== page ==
Green in the city, Wuchuan, Guangdong Province.

  • A dog turns around in a wire cage on the back of a scooter. It struggles to keep its footing as its paws keep slipping between the bars of the cage into mid-air. We realise later that the dog is food, so his comfort wasn’t the driver’s primary concern.
  • A gaunt elderly woman gazes adoringly at her fat smiley grandson as she holds him by the side of the road.

Unlike digital photos, I know these memory photos will fade with time. It makes me a little sad to think that soon all of the things we are seeing here will seem like something I dreamed.

Local Knowledge

The city we’re staying in tonight, Wuhuan, is just a single straight road on our Pocket Earth map, but in the real world it is a bustling city of a couple hundred thousand people, at least. We tried our usual strategy of riding on the biggest roads until we found a hotel, but the first few we came to didn’t have internet. Stephen wasn’t satisfied with that, so we stopped outside a bakery to use their WiFi and see if we could find something better.

A man watches me in Wuchuan, Guangdong Province.

A man watches me in Wuchuan, Guangdong Province.

Before long, a couple of guys from the (unofficial) Apple Store across the street came over and, using a translation app, asked Stephen what we were looking for. When we told them we wanted a hotel with WiFi, they set to work, getting out multiple smartphones to search and call places until they found one.

A couple of friends of theirs rode up on a scooter (we’re not sure if this was a coincidence or if they had called them) to lead us to the hotel they’d found. We followed them through the busy streets for a few minutes and they led us to a modern-looking hotel, called the Thank U Hotel, on a quiet side street. We’d never have found it on our own.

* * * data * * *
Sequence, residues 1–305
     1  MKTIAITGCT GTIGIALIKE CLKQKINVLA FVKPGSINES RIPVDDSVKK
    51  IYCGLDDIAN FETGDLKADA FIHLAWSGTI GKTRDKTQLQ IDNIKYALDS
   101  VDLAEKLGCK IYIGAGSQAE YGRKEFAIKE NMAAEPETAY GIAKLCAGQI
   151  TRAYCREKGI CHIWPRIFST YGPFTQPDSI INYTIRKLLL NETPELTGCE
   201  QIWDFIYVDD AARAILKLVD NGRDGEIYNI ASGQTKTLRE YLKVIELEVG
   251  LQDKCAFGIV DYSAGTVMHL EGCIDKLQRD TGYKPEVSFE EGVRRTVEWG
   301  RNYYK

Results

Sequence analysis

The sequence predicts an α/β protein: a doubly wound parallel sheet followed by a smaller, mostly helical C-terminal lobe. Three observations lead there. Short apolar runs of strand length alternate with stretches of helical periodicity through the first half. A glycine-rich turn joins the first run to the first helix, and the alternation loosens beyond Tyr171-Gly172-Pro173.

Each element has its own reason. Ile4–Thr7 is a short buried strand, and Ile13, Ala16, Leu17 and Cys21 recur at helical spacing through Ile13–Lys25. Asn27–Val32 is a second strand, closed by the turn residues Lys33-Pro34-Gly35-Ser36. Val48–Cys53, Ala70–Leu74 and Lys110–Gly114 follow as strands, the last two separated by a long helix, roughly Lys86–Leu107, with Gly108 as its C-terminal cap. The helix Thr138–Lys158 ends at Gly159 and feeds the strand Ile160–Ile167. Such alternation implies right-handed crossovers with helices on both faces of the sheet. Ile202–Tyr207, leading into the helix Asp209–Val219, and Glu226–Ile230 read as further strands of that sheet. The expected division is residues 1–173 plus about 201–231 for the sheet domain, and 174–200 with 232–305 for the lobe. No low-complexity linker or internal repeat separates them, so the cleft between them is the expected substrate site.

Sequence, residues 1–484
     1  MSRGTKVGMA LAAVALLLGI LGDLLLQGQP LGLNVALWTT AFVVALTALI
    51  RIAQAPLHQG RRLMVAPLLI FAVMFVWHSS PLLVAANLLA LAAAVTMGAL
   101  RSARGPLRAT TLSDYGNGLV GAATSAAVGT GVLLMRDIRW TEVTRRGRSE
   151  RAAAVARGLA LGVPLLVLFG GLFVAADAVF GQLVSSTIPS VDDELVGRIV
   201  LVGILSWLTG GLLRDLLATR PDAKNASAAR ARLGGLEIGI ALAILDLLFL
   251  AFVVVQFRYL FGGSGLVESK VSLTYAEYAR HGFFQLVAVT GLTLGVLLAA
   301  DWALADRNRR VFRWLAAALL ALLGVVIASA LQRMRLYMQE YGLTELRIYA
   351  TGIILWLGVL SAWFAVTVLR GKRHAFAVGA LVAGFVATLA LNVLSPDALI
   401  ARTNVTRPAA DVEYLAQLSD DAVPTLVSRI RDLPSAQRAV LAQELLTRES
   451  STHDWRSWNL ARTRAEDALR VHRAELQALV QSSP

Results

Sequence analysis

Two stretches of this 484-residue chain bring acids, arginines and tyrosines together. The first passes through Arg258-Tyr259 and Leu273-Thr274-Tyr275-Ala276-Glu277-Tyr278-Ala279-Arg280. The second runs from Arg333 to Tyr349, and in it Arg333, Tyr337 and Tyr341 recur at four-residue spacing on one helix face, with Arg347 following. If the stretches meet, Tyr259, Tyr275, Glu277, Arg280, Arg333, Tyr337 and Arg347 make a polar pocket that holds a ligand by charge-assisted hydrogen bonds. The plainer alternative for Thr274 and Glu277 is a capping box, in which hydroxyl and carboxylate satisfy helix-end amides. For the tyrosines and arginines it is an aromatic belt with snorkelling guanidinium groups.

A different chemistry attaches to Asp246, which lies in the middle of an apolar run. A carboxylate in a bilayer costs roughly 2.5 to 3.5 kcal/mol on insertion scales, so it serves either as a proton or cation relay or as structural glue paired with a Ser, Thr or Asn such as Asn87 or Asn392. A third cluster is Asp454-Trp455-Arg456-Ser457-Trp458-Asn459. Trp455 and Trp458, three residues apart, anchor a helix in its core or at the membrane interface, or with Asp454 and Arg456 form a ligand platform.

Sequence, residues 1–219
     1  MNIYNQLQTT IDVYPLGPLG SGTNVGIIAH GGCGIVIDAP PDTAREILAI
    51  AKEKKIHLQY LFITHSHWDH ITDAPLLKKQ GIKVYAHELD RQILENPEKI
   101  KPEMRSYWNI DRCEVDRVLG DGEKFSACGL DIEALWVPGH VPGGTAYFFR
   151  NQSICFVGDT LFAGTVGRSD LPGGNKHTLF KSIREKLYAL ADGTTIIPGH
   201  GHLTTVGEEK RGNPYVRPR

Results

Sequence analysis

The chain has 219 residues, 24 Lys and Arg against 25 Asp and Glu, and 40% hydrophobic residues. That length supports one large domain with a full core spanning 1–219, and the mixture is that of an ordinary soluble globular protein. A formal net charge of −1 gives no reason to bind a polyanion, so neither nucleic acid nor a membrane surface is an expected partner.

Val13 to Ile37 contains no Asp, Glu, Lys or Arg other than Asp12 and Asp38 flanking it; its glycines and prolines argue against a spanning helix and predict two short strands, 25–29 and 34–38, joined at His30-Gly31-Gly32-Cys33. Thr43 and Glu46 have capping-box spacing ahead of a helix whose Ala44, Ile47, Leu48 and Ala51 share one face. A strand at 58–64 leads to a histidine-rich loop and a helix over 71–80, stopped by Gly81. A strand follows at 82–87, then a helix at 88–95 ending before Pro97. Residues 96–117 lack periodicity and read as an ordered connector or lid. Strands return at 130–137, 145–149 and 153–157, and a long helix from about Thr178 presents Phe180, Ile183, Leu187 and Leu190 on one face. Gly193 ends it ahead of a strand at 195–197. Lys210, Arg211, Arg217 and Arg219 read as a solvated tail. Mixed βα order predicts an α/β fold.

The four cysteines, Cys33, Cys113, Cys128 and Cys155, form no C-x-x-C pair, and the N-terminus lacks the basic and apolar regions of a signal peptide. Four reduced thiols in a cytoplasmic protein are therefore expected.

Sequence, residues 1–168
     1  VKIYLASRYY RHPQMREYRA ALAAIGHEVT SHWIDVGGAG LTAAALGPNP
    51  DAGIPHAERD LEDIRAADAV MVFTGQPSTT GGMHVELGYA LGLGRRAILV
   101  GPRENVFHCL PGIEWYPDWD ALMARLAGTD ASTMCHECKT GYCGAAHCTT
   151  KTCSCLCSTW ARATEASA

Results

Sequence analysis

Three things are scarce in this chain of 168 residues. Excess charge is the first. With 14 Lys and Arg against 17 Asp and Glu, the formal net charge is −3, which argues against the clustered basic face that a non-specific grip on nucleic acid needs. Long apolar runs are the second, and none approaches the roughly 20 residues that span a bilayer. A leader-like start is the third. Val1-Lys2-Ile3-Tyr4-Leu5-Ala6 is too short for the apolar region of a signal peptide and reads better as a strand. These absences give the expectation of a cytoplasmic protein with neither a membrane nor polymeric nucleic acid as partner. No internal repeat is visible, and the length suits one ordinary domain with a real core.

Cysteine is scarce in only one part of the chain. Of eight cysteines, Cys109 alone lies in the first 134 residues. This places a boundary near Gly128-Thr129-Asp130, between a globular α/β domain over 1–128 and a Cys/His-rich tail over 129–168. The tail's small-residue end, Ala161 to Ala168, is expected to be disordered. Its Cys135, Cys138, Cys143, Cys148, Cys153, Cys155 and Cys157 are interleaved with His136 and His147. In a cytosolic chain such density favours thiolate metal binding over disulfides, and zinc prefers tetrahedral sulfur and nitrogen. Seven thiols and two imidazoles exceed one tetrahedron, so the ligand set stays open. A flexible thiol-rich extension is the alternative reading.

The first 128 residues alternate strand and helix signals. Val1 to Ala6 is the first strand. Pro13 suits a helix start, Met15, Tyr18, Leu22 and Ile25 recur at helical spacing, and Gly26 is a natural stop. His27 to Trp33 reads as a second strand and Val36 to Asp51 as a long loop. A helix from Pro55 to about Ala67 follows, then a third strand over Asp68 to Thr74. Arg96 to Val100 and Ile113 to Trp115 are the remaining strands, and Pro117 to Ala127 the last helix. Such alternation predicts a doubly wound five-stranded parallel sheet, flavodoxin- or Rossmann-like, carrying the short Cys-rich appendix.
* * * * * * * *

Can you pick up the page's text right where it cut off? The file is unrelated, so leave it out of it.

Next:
Sure enough, they have WiFi and, far more importantly, a soft bed. We’ll take it.

Soundtrack: 2013: The Dandy Warhols, Thirteen Tales From Urban Bohemia | Calexico, Algiers | Brakes, Give Blood | Bright Eyes, Fevers & Mirrors | Britney Spears, 2001  

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4 comments

  1. Comment by michael moldofsky

    michael moldofsky Reply January 26, 2014 at 4:44 pm

    the degrees of help from people happy to meet you vs the glee people take in cheating you is exciting and very frustrating to me.
    having to take the bad with the good is all part of “the ride” i guess.

    what about a raw feed on Flickr or something of your pictures?

    • Comment by Jane

      Jane January 30, 2014 at 1:06 am

      In China there is very little of the cheating. I suppose we need to steel ourselves for far more of that when we cross the border.

      Would love to start a Flickr feed, but probably a little to time consuming at the moment. Best I can do for now is the Photos tab on our site – at least you can see them by location there.

  2. Comment by Cassie

    Cassie Reply January 23, 2014 at 8:22 am

    Fantastic post, makes me feel like I’m there.

  3. Comment by Roxy

    Roxy Reply January 19, 2014 at 8:38 pm

    Oh no, poor doggie!!